It’s a pretty good survey article, and the folks participating are generally the folks I’ve seen gain the most out of the growing graphic novel industry. I think I would like to have seen a few answers from the superhero folks and the artcomics folks, but perhaps representatives were invited and declined to participate. Despite 7 different people all answering from their perspectives, I don’t think there’s much in there I disagree with (at least from the perspectives of those answering), and my friend Librarian Eva Volin in particular ends the article with a great mic-drop. If you have the opportunity, go check it out, let me know what you think in the comments.
Hey there! I’m happy to say that I’ll be headed to SPX this weekend in Bethesda, MD, for the second year in a row, repping TCAF and a selection of Canadian small presses. I’m at table L10, the same block as Koyama Press, Massive, Youth In Decline, and a whole bunch of awesome people.
The main thrust of the visit will be TCAF stuff, including comics, prints, posters, postcards, and books that we’ve produced over the years. We have some neat stuff! But I’m filling that out with a great selection of works from Canadian pubs like Coach House Books, Conundrum, and La Pastque, and small-run and self published works by a whole whack of Canadian TCAF exhibitors including Tin Can Forest, Michel Rabagliati, Steven GIlbert, John Martz, and more. I’ve also dug up a few real rarities from The Beguiling’s archives, the kind of one-of-a-kind stuff you would never actually be able to find in the store itself. 😉 I’ll instagram some of the rarest stuff on the torontocomics account, so keep an eye out there for it.
Please feel free to say hi if you see me–even if I’m “busy”. It’d be great to catch up.
Hello! I am happy to say that I will once again be attending Comic-Con International: San Diego this year. I’ll mostly be stationed at the Drawn & Quarterly Booth, #1629, as the good folks there have given my erstwhile employer The Beguiling a small corner from which to sell a gorgeous array of original comics artwork. I’ll be helping Peter out there on and off through all five days of the show. If you want to say hello that’s not a bad place to look for me. You can also tweet me @comics212 to see what’s up.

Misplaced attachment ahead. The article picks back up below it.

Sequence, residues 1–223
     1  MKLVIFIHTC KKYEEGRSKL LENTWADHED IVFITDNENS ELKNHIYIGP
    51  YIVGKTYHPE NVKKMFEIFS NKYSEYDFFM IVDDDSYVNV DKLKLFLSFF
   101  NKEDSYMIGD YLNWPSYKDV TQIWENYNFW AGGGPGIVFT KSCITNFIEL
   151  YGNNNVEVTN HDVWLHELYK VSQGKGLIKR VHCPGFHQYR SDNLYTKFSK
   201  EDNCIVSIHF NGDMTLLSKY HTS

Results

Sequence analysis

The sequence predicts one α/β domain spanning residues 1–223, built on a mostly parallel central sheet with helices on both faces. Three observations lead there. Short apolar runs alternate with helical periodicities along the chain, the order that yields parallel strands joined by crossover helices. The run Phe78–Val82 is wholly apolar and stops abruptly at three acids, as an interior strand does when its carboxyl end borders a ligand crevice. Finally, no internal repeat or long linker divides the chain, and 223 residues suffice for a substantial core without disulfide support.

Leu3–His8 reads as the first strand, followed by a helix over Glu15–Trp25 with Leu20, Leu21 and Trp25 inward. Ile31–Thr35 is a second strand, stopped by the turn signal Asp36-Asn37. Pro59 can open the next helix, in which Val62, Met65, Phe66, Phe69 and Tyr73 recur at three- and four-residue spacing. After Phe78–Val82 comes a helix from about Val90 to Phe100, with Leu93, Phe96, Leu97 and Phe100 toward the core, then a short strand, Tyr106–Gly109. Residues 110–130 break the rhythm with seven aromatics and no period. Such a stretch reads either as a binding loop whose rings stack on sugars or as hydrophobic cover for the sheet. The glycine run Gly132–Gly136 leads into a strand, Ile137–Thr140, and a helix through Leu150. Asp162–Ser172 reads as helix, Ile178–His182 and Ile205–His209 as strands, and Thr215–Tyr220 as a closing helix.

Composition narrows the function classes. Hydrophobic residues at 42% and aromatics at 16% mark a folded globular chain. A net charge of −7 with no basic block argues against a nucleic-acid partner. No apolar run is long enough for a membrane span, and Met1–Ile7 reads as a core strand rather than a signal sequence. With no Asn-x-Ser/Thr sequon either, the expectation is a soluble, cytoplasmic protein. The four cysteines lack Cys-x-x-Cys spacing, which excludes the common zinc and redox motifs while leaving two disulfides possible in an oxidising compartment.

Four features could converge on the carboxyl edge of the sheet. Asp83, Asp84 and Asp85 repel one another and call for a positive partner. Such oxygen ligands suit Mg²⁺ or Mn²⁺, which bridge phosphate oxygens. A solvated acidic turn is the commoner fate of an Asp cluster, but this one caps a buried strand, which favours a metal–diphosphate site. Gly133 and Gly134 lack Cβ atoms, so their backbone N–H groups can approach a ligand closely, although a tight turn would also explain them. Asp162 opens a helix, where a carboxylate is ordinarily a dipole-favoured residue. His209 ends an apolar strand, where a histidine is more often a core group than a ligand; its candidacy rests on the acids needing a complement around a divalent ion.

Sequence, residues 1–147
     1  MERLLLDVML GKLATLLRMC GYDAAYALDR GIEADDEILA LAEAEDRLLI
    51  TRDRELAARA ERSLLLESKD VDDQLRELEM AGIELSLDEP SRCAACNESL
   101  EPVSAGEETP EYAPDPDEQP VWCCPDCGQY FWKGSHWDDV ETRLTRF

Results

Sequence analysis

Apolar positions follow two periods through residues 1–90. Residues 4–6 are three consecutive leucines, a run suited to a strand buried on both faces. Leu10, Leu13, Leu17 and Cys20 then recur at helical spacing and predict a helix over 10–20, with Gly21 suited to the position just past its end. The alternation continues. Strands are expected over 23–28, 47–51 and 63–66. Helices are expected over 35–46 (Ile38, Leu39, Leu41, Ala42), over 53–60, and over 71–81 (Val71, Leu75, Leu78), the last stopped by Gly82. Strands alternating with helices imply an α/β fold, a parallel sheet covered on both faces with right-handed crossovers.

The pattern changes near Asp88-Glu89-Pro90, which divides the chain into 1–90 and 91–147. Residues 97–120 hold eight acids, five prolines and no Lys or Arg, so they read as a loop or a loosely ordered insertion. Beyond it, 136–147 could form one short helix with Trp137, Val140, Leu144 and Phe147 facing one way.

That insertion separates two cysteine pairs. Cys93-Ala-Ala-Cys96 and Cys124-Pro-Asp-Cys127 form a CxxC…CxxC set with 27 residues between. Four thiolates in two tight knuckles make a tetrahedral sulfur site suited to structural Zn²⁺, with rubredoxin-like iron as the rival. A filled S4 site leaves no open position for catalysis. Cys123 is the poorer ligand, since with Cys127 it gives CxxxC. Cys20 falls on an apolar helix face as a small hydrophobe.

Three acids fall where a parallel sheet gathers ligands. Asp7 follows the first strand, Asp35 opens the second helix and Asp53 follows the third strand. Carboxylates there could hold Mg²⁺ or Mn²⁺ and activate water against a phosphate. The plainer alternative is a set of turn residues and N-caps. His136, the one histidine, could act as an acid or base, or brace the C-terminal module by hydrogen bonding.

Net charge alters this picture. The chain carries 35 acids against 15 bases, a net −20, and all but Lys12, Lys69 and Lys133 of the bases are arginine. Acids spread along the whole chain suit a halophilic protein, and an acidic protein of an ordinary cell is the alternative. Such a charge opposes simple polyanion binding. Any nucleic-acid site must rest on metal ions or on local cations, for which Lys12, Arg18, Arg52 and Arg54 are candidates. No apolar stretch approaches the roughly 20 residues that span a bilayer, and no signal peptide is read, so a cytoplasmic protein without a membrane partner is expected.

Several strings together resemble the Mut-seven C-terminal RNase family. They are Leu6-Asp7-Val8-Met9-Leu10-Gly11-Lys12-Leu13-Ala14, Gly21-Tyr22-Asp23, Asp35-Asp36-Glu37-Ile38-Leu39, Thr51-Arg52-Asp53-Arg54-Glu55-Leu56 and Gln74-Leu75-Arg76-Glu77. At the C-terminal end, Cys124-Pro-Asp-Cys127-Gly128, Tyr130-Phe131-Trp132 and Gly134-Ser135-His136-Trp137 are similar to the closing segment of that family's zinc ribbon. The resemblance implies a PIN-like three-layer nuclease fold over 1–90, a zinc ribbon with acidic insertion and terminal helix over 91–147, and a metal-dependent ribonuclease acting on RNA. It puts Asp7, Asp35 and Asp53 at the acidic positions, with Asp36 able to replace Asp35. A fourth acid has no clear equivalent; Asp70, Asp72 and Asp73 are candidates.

I’m also happy to say that I have a very full panel and programming schedule this year, as I’ll be participating in or moderating 5 different programs at the big show. Every panel is very different from the other too, which is great. It’ll be a busy show. Here’s a quick run-down:
Emerging from the undergrounds and into the alt-comix of the 1980s, queer characters and voices have always been loud and proud in alternative and indie comics. GilbertHernandez and Jaime Hernandez were at the forefront of queer characters’ visibility with their groundbreaking and award-winning comic book series LOVE AND ROCKETS, featuring brilliant characters like Hopey, Maggie, Israel, and Julio. Contemporary authors Mariko Tamaki and Ed Luce have contributed new queer icons in their books SKIM and WUVABLE OAF. Join all four creators and moderator Christopher Butcher (Comics212.net, Toronto Comic Arts Festival) for a discussion of the history of queer character visibility in alt and indie comics.
How to Survive Conventions as an Indie Creator Friday, 7/10/15, 8:30p.m. – 9:30p.m. Room: 8